FRS Investment Option
  • Earlier I had the notion that you could contribute to the investment option in a way that is similar to a 403b, but I now think I was wrong. I think the contributions are fixed; you contribute 3% of your salary and the employer adds 3.3% of your salary on top of that.
  • Your contributions are always vested from day 1, but it takes a year for the 3.3% employer contribution to vest...I think.
  • You pick the investments, they're awesome!
  • Beyond that, I think it is pretty straight forward.
 
Pension vs Investment Option
I actually can't remember why my wife thought the pension was a better deal for older people than younger people (July of 2011). After thinking about it for a few minutes, I could only come up with the different vesting schedules and the number of years of salary you have to average. I no longer think younger people have a lower "percentage value", which is what I thought at one point (double check me).
 
The big risk with the pension seems to be that the legislature can change things at anytime. For example, I think they have the power to wake up one morning and cut the "percentage value" in half which would cut your pension in half.
 
If you don't expect to be an FRS-eligible employee for very long then a pension really isn't the best thing for you. It takes years to vest and I think even if you  transfer it to the investment option, that portion is still held to the longer vesting schedule of the pension. Again, fact check me on this.
 
Here is a link that compares the pension vs the investment option.
 
Roth vs Traditional
I really don't think this is a big deal and you'll find opposing arguments, but for most people I argue that a traditional is your best choice.
 
When you earn 5.5k you pay tax based on your highest marginal bracket before it goes into a Roth.
 
However, for a Traditional you don't pay tax up front. Instead when you pull it out you pay tax on it as if it were regular income, which means you get to fill up the lower tax brackets first.
 
So if you imagine a contrived example where your real (inflation adjusted) income remains constant throughout your working years and retirement...then putting money into a Roth would be a mistake because your "effective" tax would be exactly equal to your highest tax bracket, but with a Traditional your "effective" tax would be lower because you got to fill up the lower brackets before you hit the higher bracket.
 
Pushing for Reform
I am not an expert, but this is what I've learned (we can always chat more if you go down this road) in my experience...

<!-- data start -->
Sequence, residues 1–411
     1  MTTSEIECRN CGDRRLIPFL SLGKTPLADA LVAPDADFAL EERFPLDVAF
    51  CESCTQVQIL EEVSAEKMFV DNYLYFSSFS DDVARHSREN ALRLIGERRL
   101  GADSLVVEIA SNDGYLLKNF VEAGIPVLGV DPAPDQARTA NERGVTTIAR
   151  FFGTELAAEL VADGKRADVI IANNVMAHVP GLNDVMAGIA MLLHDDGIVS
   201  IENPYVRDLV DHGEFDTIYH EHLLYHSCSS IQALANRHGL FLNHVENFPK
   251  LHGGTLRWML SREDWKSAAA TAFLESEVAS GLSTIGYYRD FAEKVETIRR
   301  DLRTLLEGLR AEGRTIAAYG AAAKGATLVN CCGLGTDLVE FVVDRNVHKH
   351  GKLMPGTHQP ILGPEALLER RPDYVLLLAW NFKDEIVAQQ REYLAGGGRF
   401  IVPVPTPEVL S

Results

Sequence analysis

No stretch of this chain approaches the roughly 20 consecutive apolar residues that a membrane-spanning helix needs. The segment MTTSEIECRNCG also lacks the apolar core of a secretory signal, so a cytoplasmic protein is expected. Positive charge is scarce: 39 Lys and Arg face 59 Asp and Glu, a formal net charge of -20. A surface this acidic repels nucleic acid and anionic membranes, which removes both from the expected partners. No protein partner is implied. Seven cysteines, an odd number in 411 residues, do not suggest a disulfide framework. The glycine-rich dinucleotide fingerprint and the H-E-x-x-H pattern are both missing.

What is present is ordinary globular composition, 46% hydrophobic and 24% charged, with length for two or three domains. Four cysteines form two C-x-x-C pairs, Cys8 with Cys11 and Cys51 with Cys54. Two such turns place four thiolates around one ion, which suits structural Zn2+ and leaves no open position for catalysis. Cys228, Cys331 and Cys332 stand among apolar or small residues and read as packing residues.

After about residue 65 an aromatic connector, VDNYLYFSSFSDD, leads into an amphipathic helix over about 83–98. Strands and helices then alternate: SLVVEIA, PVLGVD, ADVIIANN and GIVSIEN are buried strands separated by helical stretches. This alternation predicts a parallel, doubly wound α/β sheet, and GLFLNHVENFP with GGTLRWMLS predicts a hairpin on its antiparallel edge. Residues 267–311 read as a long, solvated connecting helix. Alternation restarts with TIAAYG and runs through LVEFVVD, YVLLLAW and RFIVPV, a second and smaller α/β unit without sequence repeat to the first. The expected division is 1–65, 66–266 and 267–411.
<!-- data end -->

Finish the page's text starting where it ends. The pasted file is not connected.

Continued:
• Spend the time to fully understand your district's plans. That's what I did here.
  • Spend the time to fully understand some of the best plans in the state. That's what I did here.
  • Spend the time to clearly layout what improvements you'd like to see and what constitutes a win for you. That's what I did here. In my view, there is nothing more ineffective than a lobbyist/activist who simply complains about the problem and has no solution.
  • Here at OCPS we have a "Retirement Services" department, whatever the equivalent of that is for your district, reach out to them. Get an in person meeting if possible and explain why the current plans are so bad and explain why other plans are great. Tell them about the nearby districts that are using those plans. Offer to connect them to people at those companies to get things setup. It is highly likely that these people don't understand investing, so teach it to them in the nicest, non-condescending way possible. It is also highly likely that these people don't want to do work, so do everything you can to shoulder the load yourself.
  • Go to your school board members and make the same arguments. I've got a blog where I've documented some of the speeches I've given at our school board meetings.
  • Reach out to the union and try to convince them to lobby with you or let you reach out to their membership in one way or another. Lots of unions are corrupt, operating with conflicts of interest. Lots of unions have huge turnover so they're fairly ineffective. Our union has a seat at the table in selecting the vendors so if you can get them to do their job, it is powerful.
  • Reach out to media outlets to see if anybody will do a story on how badly teachers are being hurt.
  • Your district has 100% of the decision making power. However, it is likely that your district simply does whatever their Third Party Administrator (TPA) tells them to do. It is a weird relationship where technically the TPA has none of the power, but the district is incompetent/afraid (which the TPA leverages), so the district relies on them to make decisions. The TPA is almost certainly operating with egregious conflicts of interests...they're generally not your friend.
  • Organize all of the teachers in your school and schools throughout your districts to do the same thing you're doing. If you guys overload Retirement Services with phone calls and the school board meetings and do it respectfully, they'll want to cave just so they can go back to peace and quite.

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allegory, you're welcome. I hope you have success. My entire K-12 education was in Broward County (Hunt Elementary, Forest Glen Middle, and Coral Springs High) so I'd really like to see those teachers get better options. Let me know if I can help.

tony, thanks!